Joe Collazo started the path to higher education later than most, but that path has led to five degrees and his current position as assistant director of graduate executive programs at Harbert College. Auburn was one of the stops on that path; Collazo earned an executive MBA here in 2010.
He was nearing 50, had served in the Army, and had built a private-sector business career when his son began considering education options as his high school graduation loomed. “That motivated me,” Collazo says. “I needed to model that rather than just talk about college. So at 48 I began my undergraduate career.”
He wasted little time adding academic achievements. As he was completing his bachelor’s degree, he applied to Auburn’s Executive MBA program. “I graduated on Friday and on Saturday I was in Auburn for the first residency,” he says.
Organizational leadership has always interested him. In his time in the Army and in his work as a defense contractor, he had seen the effects of the authoritative leadership sometimes required in military operations. He had seen the interactions of such leaders with creative employees. Eventually, that interest would lead to a PhD from Pepperdine, where his dissertation examined the impact of leadership on innovation.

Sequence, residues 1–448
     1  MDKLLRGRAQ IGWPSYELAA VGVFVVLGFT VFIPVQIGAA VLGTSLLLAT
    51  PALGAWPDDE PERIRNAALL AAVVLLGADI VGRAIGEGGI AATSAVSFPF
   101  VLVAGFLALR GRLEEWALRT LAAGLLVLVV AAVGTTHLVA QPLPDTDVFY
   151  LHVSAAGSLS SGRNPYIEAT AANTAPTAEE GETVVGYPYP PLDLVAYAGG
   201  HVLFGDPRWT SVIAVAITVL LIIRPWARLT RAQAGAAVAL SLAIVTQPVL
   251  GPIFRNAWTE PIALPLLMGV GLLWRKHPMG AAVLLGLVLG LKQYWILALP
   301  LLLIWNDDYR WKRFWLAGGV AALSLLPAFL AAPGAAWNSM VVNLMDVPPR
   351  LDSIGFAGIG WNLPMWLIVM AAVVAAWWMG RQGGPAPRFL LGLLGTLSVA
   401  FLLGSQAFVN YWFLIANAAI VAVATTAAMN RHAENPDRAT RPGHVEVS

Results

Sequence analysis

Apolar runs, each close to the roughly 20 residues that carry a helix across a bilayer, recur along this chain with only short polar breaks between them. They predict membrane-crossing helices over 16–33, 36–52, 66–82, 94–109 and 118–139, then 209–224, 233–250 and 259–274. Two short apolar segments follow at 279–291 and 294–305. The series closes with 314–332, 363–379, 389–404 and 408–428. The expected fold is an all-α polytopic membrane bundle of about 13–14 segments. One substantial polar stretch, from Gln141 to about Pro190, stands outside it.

In studying high-ranking officers who later held executive positions, he found that most were not “stuck in military-style leadership,” but were “basically ambidextrous” and adapted to become transformational leaders with shared missions and visions.
For Collazo, the lure of the academy grew stronger. He found a “sense of clarity” about moving from private-sector business to teaching. He wanted to teach organizational leadership and management courses, and his “strong affinity” for Auburn led him to begin teaching in the MBA programs as an adjunct. From there, he moved in 2017 into the assistant director’s position, which allows him to both teach in the executive programs and recruit students for them.
“What I tell people about the program is that business is complex, and if you know a small slice of it, a thin lane, so to speak, you can have a career for 25 or 30 years and be appreciated,” he says. “But if you’re guiding strategy or making decisions on allocating resources, knowing a small slice of your business is not enough.
“They need broader knowledge for an executive role. Our multi-disciplinary approach gives them a lens they never had before. What’s important is that they see more comprehensively. Then they may be asked to do more things.”
Harbert’s executive MBA programs not only impart that broader knowledge to individual students, but also allow them to gain insights from their fellow students and build lasting relationships that benefit them in their professional and personal lives.
“When you’re in a stimulated, facilitated conversation, the quality of education goes up dramatically,” Collazo says. “You only get that enhanced experience with the residencies. You end up with pro bono consultants and a bench that’s 40 or more people deep.”